• The terminal will cost $58.3 million – handle 500 passengers
• Bridge will connect to the Colon Free Zone
• Lengthened runway will take Boeing 757/200
The Enrique Adolfo Jimenez Airport (France Field) in Colon is receiving a facelift that will allow it to handle international and national flights carrying passengers and cargo.
The cost of the renovation is $58.3 million and the airport is scheduled to open in July.
This is part of a national strategy aiming to improve the connectivity of the country to make it more competitive with other countries of the region.
Currently Panama has six international airports: Tocumen on the outskirts of Panama City; Marcos A. Gelabert, in Albrook; Howard next to the Panama Pacific development; Enrique Malek in David, the capital of Chiriquí province; Colon Island and Changuinola in Bocas Del Toro.
The Colon airport will now have a runway of 2,700 meters in length and 45 meters wide to allow Boeing 757/200 aircraft to land.
The terminal will have the capacity to handle 500 passengers entering and leaving the terminal as well as Customs facilities.
The Colon airport will be administered by Tocumen S.A., the same company that operates the Tocumen international terminal.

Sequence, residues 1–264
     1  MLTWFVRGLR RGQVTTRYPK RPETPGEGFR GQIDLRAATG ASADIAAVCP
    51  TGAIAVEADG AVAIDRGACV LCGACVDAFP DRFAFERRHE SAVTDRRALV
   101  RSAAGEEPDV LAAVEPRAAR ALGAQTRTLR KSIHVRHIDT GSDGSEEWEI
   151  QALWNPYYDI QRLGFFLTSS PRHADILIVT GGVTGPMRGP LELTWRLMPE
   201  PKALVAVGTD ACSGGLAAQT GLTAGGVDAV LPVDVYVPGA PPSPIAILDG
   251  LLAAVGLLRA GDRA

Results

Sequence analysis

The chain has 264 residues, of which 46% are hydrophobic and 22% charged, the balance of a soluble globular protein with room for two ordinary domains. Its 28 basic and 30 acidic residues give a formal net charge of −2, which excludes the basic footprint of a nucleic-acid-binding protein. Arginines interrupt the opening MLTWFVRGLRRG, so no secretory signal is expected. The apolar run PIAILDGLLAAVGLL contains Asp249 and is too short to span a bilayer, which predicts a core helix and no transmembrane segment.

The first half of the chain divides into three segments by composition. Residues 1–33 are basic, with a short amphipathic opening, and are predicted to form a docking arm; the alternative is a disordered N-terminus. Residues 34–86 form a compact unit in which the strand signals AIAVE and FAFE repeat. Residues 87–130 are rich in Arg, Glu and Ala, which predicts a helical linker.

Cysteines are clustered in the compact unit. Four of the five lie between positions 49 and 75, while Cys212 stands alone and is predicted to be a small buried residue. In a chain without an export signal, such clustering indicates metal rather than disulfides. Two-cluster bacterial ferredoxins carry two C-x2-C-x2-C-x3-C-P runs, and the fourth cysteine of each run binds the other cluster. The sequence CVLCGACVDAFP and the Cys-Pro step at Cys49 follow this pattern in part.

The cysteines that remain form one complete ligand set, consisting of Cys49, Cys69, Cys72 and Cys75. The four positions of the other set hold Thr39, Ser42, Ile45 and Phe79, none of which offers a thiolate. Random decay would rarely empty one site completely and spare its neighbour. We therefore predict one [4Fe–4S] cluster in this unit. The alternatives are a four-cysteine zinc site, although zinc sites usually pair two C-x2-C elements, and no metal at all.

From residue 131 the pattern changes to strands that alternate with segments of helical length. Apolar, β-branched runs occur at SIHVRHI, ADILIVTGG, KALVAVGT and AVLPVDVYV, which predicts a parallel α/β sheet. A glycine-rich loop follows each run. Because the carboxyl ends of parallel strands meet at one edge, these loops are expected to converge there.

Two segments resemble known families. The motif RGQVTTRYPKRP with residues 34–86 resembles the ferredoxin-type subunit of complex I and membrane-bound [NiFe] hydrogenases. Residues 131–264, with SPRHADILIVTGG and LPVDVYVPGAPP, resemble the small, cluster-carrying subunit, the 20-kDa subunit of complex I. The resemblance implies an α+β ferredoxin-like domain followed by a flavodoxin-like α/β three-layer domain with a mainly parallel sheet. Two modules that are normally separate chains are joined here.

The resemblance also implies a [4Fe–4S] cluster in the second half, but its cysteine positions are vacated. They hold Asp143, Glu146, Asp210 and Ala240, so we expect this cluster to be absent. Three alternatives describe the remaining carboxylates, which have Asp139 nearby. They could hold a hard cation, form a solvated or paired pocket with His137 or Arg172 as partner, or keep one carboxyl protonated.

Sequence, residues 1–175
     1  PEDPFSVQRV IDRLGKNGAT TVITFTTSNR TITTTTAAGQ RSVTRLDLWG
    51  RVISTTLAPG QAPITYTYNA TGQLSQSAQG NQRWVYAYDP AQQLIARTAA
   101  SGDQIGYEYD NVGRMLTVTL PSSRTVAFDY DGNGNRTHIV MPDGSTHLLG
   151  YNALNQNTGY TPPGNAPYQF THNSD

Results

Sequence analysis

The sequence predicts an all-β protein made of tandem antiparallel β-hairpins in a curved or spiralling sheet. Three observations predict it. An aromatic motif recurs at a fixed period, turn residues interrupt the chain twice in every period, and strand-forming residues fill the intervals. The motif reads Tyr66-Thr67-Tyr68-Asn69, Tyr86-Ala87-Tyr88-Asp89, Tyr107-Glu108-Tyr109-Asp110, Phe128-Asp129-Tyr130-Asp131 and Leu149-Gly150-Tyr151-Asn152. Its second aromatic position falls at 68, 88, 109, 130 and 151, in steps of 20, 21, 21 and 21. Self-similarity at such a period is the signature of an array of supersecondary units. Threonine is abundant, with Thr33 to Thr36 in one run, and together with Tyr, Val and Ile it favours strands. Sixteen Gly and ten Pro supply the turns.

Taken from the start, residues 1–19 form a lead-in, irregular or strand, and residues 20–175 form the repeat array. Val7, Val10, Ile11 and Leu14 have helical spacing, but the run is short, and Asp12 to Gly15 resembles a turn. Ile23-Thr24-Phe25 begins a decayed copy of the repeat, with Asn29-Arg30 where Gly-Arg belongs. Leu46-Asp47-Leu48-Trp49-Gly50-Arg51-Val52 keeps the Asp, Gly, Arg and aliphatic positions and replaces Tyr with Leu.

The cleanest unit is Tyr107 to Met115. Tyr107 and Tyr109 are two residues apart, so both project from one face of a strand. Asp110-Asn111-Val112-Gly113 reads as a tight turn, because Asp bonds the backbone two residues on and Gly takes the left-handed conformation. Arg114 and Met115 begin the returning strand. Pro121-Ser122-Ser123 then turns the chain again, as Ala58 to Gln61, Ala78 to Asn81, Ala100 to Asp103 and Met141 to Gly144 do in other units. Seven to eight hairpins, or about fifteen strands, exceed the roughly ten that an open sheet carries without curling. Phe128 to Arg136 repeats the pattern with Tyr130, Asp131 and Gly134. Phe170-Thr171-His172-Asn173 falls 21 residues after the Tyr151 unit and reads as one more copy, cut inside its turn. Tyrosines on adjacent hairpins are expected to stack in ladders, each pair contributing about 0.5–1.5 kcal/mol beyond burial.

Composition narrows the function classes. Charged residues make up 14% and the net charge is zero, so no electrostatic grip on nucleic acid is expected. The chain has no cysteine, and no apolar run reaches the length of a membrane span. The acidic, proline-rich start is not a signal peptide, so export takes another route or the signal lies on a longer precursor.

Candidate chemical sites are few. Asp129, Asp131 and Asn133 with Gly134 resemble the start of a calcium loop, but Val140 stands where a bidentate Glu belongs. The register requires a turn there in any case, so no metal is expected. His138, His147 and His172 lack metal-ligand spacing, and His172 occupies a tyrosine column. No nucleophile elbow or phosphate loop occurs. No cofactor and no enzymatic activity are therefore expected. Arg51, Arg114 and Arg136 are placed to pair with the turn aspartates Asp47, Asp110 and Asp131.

Some 270 hectares in the area of France Field have been developed to complete this project. Another 100 hectares will be used to build a bridge connecting the airport with warehouses in Coco Solito and the Colon Free Zone to cover air freight demands.
Prior to its use as a Panamanian civil airport, France Field was a US military airfield, established in 1918. It was turned over to the Panama Canal Zone government in 1949, and was converted into a civil airport. US control over the airport ended in 1979 with the turnover of the Panama Canal Zone to the government of Panama.
The renovation of the airport is a vital part of the revitalization of Colon province that is preparing to receive more cargo and travelers once the expansion of the Panama Canal is finished in two years´ time. There are also plans for the construction of new ports and roads within the Colon Free Zone, area to take advantage of the arrival of Post Panamax ships.
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